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Hope for Endangered Species Act Candidates

WildEarth Guardians and Interior Reach Settlement on Endangered Species Listings

Washington, DC—May 10. WildEarth Guardians and the Department of Interior today reached a nationwide agreement regarding Interior’s management of its endangered species listing program. They filed the proposed settlement with Judge Emmet Sullivan in Washington, DC who presides over 12 cases in which Guardians challenged Interior’s failure to list species in a timely manner. If approved, the settlement requires Interior to make final listing determinations by September 2016 for 251 species, all of which are formal candidates for Endangered Species Act protection. In return, WildEarth Guardians agrees to dismiss its lawsuits and refrain from suing Interior over other missed deadlines for listing species for the next six years.

“We and the government agree that the day has come to address the future of the endangered species candidates. This will be an important step toward protecting the rich biodiversity in the U.S. and stemming the extinction crisis,” stated Dr. Nicole Rosmarino, Wildlife Program Director of WildEarth Guardians.

Until they are listed under the Endangered Species Act, imperiled plants and animals receive no protection under the law. The most recent Candidate Notice of Review (CNOR), released by the U.S. Fish and Wildlife Service (Service) in November 2010, includes 251 species considered “warranted but precluded” from protection – a loophole provided in the statute. The majority of the current candidates (150) have been waiting for more than 20 years for listing; 57 species have been waiting for more than 30 years. Under today’s proposed settlement, all 251 species in the 2010 CNOR would receive decisions, within the next six years, on whether or not they will be listed.

“The candidate list has been the black hole of the Endangered Species Act, where animals and plants that deserve the protection of the Act were consigned to an endless queue. Today’s agreement will finally allow these species, that the government has repeatedly stated warrant protection, to have a decent chance at actually receiving that protection before they go extinct,” stated Jay Tutchton, General Counsel of WildEarth Guardians. “For species on the brink, delayed protection often equals extinction.”

The candidates include a diverse array of species, such as birds, butterflies, mammals, fishes, mollusks, wildflowers, and others. These species require a range of natural ecosystems, including mountaintops, tropical islands, forests, rivers, deserts, and other habitats. Some of the candidates occur in only one place on Earth; while others were historically wide-ranging but have since dwindled.

In addition to resolving the status of all 251 candidate species, the settlement includes a two-year work plan guiding the Service response times for making findings on other citizen petitions requesting species be added to the endangered list; critical habitat proposals and designations; and compliance with existing court orders. The resulting program balances the need to list candidate species with considering new plants and animals for listing and conferring habitat protections for species already listed.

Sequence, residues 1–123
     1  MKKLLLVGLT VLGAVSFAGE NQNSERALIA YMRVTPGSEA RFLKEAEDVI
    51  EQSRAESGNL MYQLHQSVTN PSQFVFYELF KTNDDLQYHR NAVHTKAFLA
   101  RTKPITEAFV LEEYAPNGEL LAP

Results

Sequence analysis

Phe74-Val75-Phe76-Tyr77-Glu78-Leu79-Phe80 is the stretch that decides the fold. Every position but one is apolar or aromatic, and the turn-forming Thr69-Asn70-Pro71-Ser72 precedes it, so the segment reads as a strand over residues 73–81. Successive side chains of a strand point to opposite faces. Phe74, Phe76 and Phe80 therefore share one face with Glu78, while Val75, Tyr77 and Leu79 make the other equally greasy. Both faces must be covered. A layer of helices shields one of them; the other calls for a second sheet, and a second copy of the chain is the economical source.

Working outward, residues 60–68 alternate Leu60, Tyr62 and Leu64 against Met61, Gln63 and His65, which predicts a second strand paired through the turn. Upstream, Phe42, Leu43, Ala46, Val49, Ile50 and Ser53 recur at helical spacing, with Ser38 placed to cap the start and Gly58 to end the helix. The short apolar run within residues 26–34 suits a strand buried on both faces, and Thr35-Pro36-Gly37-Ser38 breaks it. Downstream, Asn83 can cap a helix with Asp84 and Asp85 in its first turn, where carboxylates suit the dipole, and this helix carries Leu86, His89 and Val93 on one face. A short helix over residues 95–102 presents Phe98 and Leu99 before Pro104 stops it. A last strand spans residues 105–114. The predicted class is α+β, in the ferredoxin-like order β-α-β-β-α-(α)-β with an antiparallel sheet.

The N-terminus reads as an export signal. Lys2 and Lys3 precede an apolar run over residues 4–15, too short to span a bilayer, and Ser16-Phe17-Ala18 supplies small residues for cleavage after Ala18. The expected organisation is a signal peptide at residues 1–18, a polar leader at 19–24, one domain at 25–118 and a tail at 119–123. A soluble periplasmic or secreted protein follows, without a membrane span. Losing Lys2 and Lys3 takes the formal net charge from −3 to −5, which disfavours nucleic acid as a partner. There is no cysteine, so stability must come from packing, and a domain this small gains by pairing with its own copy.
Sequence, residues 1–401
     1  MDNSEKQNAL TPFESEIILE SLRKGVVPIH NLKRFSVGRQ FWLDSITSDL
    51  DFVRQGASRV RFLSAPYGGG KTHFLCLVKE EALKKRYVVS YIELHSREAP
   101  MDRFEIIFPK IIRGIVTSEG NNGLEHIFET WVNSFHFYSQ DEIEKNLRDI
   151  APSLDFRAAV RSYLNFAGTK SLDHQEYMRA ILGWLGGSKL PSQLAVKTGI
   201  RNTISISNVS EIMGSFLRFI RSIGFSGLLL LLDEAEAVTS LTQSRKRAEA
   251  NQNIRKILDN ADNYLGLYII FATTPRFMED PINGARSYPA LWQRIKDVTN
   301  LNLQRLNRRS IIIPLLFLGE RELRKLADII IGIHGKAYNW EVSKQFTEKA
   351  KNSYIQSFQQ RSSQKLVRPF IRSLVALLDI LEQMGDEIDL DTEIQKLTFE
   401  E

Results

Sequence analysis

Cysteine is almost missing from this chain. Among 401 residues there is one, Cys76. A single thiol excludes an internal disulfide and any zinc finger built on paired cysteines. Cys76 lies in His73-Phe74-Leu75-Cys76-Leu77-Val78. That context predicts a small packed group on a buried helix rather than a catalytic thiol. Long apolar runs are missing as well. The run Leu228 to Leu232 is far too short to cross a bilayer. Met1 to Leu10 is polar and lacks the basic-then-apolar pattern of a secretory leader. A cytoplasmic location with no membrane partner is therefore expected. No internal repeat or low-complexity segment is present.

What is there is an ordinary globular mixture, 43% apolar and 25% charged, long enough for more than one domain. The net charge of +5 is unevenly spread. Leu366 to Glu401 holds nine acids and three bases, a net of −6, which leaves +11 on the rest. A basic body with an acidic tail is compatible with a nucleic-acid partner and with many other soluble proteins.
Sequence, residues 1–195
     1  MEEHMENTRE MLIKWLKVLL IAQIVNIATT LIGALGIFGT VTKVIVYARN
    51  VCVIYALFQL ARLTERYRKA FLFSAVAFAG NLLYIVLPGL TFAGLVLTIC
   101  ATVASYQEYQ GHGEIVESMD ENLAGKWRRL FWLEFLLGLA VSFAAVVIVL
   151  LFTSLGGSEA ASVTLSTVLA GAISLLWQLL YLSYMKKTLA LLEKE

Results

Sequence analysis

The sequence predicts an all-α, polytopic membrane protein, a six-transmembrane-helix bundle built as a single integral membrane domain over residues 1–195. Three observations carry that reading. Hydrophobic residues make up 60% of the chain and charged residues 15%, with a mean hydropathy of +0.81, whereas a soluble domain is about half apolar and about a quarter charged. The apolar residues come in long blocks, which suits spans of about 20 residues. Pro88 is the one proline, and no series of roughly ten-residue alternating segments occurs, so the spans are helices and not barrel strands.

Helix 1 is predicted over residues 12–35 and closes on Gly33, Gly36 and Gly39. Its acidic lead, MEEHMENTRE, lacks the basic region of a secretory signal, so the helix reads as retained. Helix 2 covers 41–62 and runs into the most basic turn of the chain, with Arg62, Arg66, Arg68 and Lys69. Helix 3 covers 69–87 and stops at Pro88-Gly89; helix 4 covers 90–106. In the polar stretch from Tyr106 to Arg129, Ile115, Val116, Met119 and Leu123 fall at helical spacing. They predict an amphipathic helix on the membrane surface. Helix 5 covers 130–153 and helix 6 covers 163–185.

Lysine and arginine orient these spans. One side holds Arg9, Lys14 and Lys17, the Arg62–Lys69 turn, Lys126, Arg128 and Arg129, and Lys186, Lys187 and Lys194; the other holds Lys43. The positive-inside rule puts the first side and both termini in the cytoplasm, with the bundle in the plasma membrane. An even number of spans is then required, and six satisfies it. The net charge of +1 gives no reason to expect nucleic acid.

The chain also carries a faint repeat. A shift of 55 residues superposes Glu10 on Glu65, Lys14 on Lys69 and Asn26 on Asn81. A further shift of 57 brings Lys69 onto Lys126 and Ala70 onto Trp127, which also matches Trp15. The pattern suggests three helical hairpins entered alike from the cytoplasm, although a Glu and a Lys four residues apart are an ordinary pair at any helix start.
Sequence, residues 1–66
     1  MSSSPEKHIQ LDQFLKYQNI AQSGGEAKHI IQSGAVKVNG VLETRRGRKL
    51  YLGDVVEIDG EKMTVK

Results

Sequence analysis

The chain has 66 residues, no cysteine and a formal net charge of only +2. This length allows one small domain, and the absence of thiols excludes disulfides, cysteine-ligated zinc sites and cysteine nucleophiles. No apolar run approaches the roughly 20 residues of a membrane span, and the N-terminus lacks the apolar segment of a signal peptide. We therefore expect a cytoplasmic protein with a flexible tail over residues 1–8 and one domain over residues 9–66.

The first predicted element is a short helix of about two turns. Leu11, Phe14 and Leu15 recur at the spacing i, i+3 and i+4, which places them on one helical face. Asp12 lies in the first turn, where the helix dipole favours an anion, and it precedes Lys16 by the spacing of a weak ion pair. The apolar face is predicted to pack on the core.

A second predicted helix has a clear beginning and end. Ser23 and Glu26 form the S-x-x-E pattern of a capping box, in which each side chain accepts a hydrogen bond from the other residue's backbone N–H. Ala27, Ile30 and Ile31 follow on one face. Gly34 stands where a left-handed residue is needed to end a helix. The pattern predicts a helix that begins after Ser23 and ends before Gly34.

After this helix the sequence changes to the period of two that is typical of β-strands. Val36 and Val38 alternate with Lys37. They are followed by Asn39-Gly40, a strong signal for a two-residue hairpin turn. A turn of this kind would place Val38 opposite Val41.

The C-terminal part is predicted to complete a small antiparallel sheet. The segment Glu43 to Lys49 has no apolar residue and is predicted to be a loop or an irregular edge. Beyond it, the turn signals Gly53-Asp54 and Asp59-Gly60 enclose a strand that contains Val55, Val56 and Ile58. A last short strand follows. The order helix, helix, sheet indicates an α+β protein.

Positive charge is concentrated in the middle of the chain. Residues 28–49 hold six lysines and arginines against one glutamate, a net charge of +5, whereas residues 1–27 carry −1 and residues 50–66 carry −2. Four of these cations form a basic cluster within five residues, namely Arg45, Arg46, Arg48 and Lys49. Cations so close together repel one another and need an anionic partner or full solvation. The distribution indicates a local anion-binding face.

WildEarth Guardians has petitioned more species in the last four years than all other petitioners combined. Since 2007, the group petitioned over 700 of the 1,230 species for which Interior has received listing requests and has filed dozens of lawsuits to obtain findings on those petitions. Under the agreement, Guardians would agree to limit its filing of new petitions to ten or less per year and refrain from litigating over those missed deadlines in favor of addressing the current Endangered Species Act candidates.

“We hope this agreement accomplishes what matters most: adding these imperiled plants and animals to the endangered species list,” stated Rosmarino. “We expect that this settlement will fundamentally shift how the endangered species listing program is run by ensuring the Service completes the listing process for the species that have waited the longest.”

The candidate species daily face serious threats. According to Service data, almost all (98%) are imperiled by habitat loss. Lack of legal protection is also a leading threat (97%). More than one-half are threatened by disease or predation (53%), and one-third are impacted or potentially impacted by the climate crisis (37%). Nearly every one of the candidate species faces multiple threats.

Scientists estimate that, globally, animals and plants are going extinct at rates 1,000 higher than the natural extinction rate. These animals and plants make up the natural ecosystems on which human economies are based. Two-time Pulitzer Prize winner E.O. Wilson has warned that the loss of species diversity “is the folly that our descendents are least likely to forgive us.”

Read more about this important milestone.

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See the Endangered Species Act Candidates Nationwide map.


 

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